Sunday, July 9, 2017

Stephen Caracappa and Louis Eppolito


Stephen Caracappa (left) and Louis Eppolito.
Stephen Caracappa and Louis Eppolito were two former New York Police Department (NYPD) police detectives who worked on behalf of the New York Mafia, principally the Lucchese crime family. In 2006, they were convicted of labor racketeering, extortion, narcotics, illegal gambling, obstruction of justice, eight counts of murder and conspiracy to commit murder. Both were sentenced to life in federal prison.
In the history of the NYPD there have been many corrupt cops. Lt. Charles Becker, electrocuted at Sing Sing in 1915 for killing a snitch; Murder Inc. canary Abe “Kid Twist” Reles who went flying out of a Coney Island hotel window, while being guarded by cops (“Canary Could Sing But Couldn’t Fly”, the tabloids screamed); Frank Serpico and the drug scandals of the 1960s; Officer Michael Dowd who ran a dope empire out of a Brooklyn precinct.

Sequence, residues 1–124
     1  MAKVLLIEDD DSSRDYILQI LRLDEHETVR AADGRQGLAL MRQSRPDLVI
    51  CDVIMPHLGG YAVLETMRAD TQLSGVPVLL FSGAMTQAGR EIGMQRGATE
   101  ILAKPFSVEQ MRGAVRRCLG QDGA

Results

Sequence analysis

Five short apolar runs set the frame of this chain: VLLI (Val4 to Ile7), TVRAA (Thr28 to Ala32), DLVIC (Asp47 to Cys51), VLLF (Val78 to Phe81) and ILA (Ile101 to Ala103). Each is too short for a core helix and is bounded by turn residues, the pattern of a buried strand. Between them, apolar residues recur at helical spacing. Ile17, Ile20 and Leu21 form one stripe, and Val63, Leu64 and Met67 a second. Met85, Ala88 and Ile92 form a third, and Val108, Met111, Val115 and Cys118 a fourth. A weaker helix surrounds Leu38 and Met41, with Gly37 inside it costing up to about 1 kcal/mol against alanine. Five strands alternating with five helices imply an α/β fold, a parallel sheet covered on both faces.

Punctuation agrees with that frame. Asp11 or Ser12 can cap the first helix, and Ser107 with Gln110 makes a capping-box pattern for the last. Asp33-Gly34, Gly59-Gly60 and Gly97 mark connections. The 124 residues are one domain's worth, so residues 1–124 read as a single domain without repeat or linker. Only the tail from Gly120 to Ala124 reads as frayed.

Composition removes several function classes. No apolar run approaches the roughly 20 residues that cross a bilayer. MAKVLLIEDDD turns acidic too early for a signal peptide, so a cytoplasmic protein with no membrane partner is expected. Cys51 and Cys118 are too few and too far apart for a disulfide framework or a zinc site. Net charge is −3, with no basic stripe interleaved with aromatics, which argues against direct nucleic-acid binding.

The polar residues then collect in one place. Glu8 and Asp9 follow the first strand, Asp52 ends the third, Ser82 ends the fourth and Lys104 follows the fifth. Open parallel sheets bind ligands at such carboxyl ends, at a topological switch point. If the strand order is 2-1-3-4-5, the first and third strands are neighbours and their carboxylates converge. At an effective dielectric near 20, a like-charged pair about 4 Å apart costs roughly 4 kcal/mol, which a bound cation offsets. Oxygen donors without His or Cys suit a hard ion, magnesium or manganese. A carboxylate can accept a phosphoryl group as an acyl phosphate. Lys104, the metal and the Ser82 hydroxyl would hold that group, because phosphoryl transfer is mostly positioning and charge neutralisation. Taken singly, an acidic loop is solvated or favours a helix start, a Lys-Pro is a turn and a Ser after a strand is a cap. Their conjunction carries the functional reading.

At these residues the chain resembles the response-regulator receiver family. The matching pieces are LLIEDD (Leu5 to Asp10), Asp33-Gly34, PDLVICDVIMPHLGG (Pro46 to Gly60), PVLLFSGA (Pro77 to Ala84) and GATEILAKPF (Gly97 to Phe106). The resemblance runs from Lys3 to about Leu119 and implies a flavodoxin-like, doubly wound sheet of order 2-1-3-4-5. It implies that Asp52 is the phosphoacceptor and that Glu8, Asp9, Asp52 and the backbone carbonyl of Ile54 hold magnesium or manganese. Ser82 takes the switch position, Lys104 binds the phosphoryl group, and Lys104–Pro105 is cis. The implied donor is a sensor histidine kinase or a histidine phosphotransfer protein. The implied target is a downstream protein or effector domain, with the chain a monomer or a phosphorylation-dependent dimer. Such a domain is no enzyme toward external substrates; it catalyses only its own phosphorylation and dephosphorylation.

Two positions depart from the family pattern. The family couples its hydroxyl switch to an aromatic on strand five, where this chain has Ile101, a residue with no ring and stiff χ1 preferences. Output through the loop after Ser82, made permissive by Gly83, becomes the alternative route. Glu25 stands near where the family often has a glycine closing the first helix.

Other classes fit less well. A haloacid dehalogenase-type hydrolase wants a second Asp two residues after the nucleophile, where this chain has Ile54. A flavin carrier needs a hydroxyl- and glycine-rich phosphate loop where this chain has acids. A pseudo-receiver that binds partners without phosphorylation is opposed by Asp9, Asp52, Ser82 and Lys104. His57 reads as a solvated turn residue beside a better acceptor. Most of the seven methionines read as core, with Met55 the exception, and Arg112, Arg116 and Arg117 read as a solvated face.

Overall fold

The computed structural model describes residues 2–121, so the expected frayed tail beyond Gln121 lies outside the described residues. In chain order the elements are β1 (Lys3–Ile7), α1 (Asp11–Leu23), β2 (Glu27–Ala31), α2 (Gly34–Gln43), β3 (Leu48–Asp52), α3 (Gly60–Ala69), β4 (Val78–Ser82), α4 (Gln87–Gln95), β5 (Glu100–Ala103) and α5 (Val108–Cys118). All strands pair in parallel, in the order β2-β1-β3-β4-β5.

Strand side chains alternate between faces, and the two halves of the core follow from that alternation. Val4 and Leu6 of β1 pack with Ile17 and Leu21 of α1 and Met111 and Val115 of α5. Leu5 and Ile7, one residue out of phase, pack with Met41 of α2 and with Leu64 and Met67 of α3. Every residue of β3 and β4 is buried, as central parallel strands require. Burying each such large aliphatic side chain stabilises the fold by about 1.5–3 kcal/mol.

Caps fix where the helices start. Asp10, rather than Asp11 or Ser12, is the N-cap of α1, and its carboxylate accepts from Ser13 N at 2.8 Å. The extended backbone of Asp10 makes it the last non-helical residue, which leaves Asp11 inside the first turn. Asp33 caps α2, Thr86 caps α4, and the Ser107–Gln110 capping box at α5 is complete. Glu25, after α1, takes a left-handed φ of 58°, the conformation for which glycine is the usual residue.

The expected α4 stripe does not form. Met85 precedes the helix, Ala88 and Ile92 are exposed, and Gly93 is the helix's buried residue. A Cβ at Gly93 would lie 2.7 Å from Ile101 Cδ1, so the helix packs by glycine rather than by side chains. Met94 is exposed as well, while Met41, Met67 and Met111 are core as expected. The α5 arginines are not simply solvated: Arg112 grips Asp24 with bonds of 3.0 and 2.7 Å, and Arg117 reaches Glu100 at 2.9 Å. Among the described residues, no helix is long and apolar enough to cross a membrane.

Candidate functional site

Caracappa and Eppolito, though, were something altogether different. At $4,000 a month each, they were on permanent retainer for the Lucchese crime family.

Cops by day, hitmen by night they used police data bases to find turncoats, impeded investigations, and at $65,000 a pop, were killers.
The duo were given the contract to whack diamond dealer Israel Greenwald. He’d been cooperating with the FBI on an investigation and the mob was unhappy. Very unhappy. Caracappa and Eppolito got his address then snatched him off the street and blew his brains out in a Brooklyn warehouse. The body was buried in a garage where it stayed for 20 years until the dirty cops were ratted out.

Dope dealer and career criminal Burton Kramer dropped the pair in 2005. In court, he laid out a sickening buffet of murder, corruption and betrayal of public trust. Caracappa and Eppolito were both convicted of murder. Eppolito was sentenced to life plus 100 years. Caracappa received life plus 80 years. In April, at a prison hospital in North Carolina, Caracappa died at age 75 after a long fight with cancer. As he was dying he begged to be let out of prison. He was denied.